Book Home Page
News, Updates
Discussions
Contact Us
Request Copy
Book Contents The Authors Sample Pages Reviews Book Index Examples
Resources

  pricetheoryapplications  >  Examples  >  Tennis Strategies

MIXED STRATEGIES IN TENNIS

Tennis serves are usually aimed to the receiver’s left or right. (Center serves are unusual, at least in championship play.) Since the server needs to keep the receiver guessing, rational play dictates a mixed strategy. The best mixture will depend upon many factors: whether the players are right-handed or left-handed, possible weaknesses of forehands or backhands, individual peculiarities of play, the current point score, the direction of the sun, possible referee bias, and more.

Despite these complications, the test of an optimal mixed strategy is that all the pure strategies being played must on average be equally profitable. (If they were not, it would pay to choose the more profitable option more often.) In particular, for the player with the service, serves to the left and serves to the right should have equal success rates. Mark Walker and John Wooders obtained data on all first serves in 10 important professional tennis matches – most of them final championship matches.a If the players were choosing rationally, in a given match there might be a large disparity between the percentages of left and right serves, but left and right serves should have been, on average, equally likely to win points.

The results reported here refer to the service choices of the ultimate match winner when the score was at “deuce.” The left-right mixtures are percentages that sum to 1, since center serves (only about 6%) were not counted. The win rates for both left serves and right serves are all well above 50%, reflecting the advantage at tennis of having the serve. (Winning was defined here as gaining the point, whether earned on the initial service as an ace or only after additional strokes.) The imbalance between left and right service proportions was sometimes very great. Rosewall at Wimbledon in 1974 served left 93% of the time. That was the extreme, but the percent differences between the proportions of left and right serves were generally quite large – averaging about 39%. In contrast, the win rates for the two types of service were close together, diverging on average by only around 10%.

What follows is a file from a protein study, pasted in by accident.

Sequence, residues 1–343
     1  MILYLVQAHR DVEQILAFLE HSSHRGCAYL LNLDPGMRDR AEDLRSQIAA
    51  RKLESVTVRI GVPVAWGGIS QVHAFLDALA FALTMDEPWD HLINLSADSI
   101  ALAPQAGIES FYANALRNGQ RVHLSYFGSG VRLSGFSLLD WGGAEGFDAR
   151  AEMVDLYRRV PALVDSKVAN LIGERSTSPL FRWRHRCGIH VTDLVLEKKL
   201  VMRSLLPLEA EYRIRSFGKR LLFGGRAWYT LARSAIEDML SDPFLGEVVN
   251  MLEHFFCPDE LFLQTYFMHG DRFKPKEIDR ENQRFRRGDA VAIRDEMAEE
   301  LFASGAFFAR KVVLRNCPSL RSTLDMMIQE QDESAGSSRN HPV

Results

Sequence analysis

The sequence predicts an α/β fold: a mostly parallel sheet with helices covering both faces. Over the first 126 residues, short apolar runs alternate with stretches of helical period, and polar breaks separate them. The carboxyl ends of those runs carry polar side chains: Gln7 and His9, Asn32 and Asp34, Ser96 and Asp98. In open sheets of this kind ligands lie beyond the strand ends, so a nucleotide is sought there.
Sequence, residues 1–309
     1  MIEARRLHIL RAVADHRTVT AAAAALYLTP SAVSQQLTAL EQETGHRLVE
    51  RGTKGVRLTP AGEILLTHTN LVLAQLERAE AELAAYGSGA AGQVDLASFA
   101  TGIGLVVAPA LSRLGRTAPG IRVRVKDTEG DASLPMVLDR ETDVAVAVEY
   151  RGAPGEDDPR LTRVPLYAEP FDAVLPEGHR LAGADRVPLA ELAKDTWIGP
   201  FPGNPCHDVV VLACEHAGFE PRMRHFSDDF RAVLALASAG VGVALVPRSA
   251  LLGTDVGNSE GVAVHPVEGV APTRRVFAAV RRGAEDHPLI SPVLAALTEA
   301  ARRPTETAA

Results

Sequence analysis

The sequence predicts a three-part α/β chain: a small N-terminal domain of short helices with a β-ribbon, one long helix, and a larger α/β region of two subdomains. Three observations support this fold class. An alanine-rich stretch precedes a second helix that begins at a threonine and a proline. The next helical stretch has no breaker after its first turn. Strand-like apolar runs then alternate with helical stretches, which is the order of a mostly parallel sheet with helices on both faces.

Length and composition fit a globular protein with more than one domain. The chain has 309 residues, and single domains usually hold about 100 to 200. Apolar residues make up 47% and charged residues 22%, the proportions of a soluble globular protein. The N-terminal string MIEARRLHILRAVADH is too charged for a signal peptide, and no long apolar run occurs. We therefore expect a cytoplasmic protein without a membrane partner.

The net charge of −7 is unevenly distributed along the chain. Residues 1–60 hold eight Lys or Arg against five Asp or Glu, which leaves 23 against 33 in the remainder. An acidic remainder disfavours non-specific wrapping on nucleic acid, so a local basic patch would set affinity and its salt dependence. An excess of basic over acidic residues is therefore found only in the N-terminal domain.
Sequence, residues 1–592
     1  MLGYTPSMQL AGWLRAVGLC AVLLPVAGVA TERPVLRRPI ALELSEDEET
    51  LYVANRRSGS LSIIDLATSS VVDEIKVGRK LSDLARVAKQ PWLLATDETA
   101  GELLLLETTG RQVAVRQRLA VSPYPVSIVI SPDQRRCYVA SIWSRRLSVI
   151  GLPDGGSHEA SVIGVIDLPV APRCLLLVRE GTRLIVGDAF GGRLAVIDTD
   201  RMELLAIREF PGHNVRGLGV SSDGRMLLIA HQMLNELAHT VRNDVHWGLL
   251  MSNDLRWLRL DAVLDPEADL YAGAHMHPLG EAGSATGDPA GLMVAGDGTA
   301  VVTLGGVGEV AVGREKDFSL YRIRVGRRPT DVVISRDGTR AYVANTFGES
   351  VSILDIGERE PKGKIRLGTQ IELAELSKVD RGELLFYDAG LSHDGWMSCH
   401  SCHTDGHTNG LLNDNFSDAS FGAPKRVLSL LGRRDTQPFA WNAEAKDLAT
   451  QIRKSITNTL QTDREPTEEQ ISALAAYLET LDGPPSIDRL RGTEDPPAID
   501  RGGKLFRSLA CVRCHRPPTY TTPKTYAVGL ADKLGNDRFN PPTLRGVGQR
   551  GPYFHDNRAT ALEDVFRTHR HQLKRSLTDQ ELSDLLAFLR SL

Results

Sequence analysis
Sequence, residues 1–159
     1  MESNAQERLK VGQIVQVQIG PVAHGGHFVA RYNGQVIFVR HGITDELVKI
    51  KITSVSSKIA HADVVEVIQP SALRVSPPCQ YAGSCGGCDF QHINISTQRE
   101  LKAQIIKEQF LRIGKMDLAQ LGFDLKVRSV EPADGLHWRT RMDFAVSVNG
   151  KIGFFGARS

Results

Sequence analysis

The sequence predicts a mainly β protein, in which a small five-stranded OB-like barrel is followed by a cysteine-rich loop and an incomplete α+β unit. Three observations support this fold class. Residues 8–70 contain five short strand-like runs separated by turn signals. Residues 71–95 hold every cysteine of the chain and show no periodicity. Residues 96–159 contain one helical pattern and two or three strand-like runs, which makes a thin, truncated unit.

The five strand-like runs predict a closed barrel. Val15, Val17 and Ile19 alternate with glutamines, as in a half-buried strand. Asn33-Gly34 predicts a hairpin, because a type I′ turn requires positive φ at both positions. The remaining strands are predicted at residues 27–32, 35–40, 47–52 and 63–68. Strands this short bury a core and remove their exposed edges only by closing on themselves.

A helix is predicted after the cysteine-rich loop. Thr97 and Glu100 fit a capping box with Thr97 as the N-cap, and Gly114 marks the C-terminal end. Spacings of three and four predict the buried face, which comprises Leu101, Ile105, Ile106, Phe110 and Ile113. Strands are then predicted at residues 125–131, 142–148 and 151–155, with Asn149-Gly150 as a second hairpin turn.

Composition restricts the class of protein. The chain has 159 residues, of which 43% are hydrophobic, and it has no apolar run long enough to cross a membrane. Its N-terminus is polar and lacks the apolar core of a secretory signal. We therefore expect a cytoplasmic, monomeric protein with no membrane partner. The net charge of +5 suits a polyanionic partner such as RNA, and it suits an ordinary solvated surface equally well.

The authors’ interpretation was that, unconsciously perhaps, championship tennis players appreciate the need to mix their strategy choices, and do so in a way close to the theoretical optimum.

____________________________________________________________

aMark Walker and John Wooders, “Minimax Play at Wimbledon,” American Economic Review,v.91 (December 2001).

 

 pricetheoryapplications  >  Examples  >  Tennis Strategies


Copyright 2005 Cambridge University Press

Cambridge University Press is not responsible for any errors, omissions or other problems with these pages.